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Exercises for Poets 

Write a poem imagining your conception. If you have any "real" information about it, such as your mother's story about that one night when the moon was full and your father was drunk, fine. If not, just conjure it. The form of the poem should be in line with the subject: long fast lines, languorous jerky ones, or slow dark-syllabled half-sentences wrapped around domed Latinate dips and rises. Use the breath measures that might have been those of your conceivers. One page, due Friday.

Write a poem about your birth. You can begin slightly before in utero and end slightly after when your umbilical cord is snipped, but the poem itself should be concerned mainly with the journey from the moist darkness of the womb through the birth canal into the light of the world where the United States is now the only superpower. If you were born in America, this light should give you no trouble. If you were born in a country where your chances of surviving your own birth were slim, please celebrate the fact that you are now in my poetry class, in America, and writing about what might not have been. This poem should be both painful and celebratory, as befits the subject, and should also contain feelings of: compassion for your mother, pity for the world, and anxiety about yourself. Make sure the form follows the content, by using spasmodic utterance and spiraling vowels. Two pages, due Monday.

Portrait-of-Another Poem. Look around the class, find somebody you like and, if they are interested, go away with them for a week. Go someplace quiet, without TV, radio, telephone or computer, and interview each other about the most intimate and profound thoughts and feelings about everything that really matters. You will know that it really matters when you'll feel yourself unable to speak of it. At the end of the week, go alone to a secluded grove or hotel room and write a 13-line portrait of the other person. Each line should pack the equivalent of a ton of TNT. This is a sonnet, so make sure that you are familiar with different kinds of sonnet and conversant with the sonneteer's deep-throated restraint. Small grants available. Due three weeks from now.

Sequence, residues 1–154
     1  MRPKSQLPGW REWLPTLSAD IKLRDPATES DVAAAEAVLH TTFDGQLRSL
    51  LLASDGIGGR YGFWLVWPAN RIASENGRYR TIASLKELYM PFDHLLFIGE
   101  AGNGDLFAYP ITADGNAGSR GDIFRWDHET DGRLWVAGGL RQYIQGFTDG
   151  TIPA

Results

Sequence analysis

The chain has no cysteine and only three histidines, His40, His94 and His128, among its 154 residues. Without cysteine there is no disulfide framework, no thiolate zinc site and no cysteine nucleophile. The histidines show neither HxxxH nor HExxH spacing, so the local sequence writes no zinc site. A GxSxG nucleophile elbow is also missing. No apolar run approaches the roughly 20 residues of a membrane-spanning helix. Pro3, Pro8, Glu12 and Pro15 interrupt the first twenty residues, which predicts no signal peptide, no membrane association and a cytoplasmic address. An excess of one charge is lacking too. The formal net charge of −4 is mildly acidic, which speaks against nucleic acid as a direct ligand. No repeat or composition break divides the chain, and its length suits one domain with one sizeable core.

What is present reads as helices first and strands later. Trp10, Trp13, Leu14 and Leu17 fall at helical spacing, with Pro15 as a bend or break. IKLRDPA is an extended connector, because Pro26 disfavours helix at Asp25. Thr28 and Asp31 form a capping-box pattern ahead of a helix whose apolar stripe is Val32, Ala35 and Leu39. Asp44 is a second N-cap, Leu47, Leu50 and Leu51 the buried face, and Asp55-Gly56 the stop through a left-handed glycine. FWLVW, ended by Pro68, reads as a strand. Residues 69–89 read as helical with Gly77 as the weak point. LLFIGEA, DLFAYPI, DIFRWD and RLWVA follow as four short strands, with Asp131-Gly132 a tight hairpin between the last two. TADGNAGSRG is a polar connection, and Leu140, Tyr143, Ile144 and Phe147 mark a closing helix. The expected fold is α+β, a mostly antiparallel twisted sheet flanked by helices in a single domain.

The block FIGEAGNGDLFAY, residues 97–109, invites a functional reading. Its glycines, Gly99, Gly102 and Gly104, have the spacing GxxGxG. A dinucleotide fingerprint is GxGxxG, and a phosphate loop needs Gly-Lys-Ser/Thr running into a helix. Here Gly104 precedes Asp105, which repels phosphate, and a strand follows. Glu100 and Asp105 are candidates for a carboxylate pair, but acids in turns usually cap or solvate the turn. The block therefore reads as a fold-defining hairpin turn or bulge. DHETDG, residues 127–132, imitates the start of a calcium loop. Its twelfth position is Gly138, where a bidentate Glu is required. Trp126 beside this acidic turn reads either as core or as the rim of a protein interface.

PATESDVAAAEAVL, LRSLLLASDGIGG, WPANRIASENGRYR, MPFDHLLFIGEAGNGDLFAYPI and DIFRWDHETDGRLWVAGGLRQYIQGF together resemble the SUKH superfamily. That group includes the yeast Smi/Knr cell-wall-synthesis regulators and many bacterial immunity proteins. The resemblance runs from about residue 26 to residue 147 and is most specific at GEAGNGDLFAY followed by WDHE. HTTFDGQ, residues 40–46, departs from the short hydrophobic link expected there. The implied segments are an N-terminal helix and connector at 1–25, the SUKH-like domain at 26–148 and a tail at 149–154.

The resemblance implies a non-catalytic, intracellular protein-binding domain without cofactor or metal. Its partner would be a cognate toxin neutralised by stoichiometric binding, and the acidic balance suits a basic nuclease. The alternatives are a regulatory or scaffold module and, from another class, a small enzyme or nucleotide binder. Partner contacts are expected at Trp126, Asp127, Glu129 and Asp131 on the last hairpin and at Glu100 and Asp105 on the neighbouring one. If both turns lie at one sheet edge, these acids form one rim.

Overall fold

Interview-a-Tourist Poem. Walk up to a tourist, tell them that you have an assignment for poetry class to interview a tourist. Buy them coffee or a drink and ask them the most startling questions you can think of. For example: "Have you ever made love in a church?" or "What kind of medication are you on right now?" In the process of baffling them with your "poetry" questions, you will note (or record) their opinions about poetry (everybody has one), and their attitudes toward life, writing and tourism. The focus of your poem should be what you have learned about strangeness and familiarity. What is exotic? Do tourists have souls? This work should be ten sprawly pages in length, and it should include digressions, quotes and laughs. Recommended: the Ferlinghetti manner. Due any time.

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